Bargaining under the Liberals’ Building & Construction Code: Game on!

The Liberals’ Building and Construction Code is now upon us

After stopping the code from becoming law for 18 months with the help of Senators Adam Bandt and Jacqui Lambie and the ALP, the ignorant new ‘independent’ senators bent over for the government. In return for what, we may never know.

What we do know is that Derryn Hinch, Nick Xenophon and Pauline Hanson will all have blood on their hands – trading off the livelihoods and lives of trades workers for their short-term political benefit.

The code: what we know

By 1 September 2017 any contractor wanting work on any major government-funded project must have a ‘code compliant’ agreement.

Until September, companies without code compliant agreements will be able to tender for government work but will not win the work until agreements are changed.

The code will be overseen by the newly re-formed Australian Building and Construction Commission (ABCC) under Nigel Hadgkiss.

Section 11 - the Liberal Government’s ideology imposed on every agreement

Section 11 of the code says agreements must not have clauses that ‘impose limits on the ... company to manage its business or to improve productivity’.

In short, section 11 prohibits clauses in agreements that agree policies and procedures for things such as:

  • ordinary and overtime hours
  • use of labour hire workers
  • use of casual workers
  • fixed rostered days off
  • number and use of overseas workers
  • number of apprentices
  • union representative structures and procedures.

Under the code, even if an employer wants to clarify issues in an agreement and ‘impose’ conditions on themselves (so they can continue to ‘deliver projects on time and on budget’), they will be banned from publicly funded work.

What we don’t know

We do not know exactly which clauses are noncompliant with the code because section 11 is so broad it could apply to any content of an agreement.

Every individual agreement needs to be vetted by the ABCC and approved by Nigel Hadgkiss.

The ETU had one of its common contracting agreements vetted, and 72 clauses were found to be ‘noncompliant’.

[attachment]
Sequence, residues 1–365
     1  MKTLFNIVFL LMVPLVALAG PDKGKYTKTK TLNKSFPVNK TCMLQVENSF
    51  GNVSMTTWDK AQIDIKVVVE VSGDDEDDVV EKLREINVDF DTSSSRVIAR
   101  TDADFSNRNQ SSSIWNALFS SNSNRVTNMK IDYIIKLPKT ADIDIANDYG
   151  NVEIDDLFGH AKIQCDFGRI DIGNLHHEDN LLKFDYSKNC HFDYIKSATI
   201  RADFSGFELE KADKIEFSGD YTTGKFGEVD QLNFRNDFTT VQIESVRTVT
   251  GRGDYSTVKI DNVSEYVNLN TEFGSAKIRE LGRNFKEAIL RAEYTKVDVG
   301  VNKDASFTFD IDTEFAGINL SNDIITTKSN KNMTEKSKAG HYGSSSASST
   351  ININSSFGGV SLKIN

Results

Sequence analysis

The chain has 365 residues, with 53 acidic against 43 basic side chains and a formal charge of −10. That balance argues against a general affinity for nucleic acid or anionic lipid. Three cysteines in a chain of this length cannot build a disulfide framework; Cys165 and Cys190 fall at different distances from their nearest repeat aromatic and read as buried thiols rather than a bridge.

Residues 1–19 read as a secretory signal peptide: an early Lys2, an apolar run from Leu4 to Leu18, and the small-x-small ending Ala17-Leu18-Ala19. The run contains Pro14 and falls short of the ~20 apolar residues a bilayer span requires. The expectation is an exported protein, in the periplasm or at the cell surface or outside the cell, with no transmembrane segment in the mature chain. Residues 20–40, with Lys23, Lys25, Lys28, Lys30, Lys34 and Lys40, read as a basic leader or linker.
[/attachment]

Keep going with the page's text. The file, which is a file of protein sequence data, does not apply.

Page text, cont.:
Since then, however, some agreements containing some of those clauses have been accepted as ‘code compliant’.

The ETU has sought clarification of clauses in more agreements that have just disappeared into the black hole of the ABCC, which has kept the whole industry in the dark.

University of Adelaide law professor Andrew Stewart said the code ‘effectively gives the ABCC discretion to object to almost anything’.

‘You can regard almost anything in an enterprise agreement as interfering with an employer’s capacity to manage its business,’ he said.

Where to from here

The ETU will continue to navigate the obstacles to decent agreements imposed by this government and the ABCC to deliver agreements.

The only choice we have been left with is to bargain like we’ve never bargained before.

This isn’t a bargaining round that you can afford to ignore.

It is our duty to you, and your duty to the industry and future living standards for electrical trades, to stand up and fight.

The ETU has never taken a backward step, and we are not about to now. Anything being taken away from our conditions because they are now ‘prohibited’ must be compensated for: No retreat, no surrender. 

It is our duty to you, and your duty to the industry and future living standards for electrical trades, to stand up and fight.

This article is from the Autumn 2017 issue of the ETU's members magazine. You can read the digital edition here.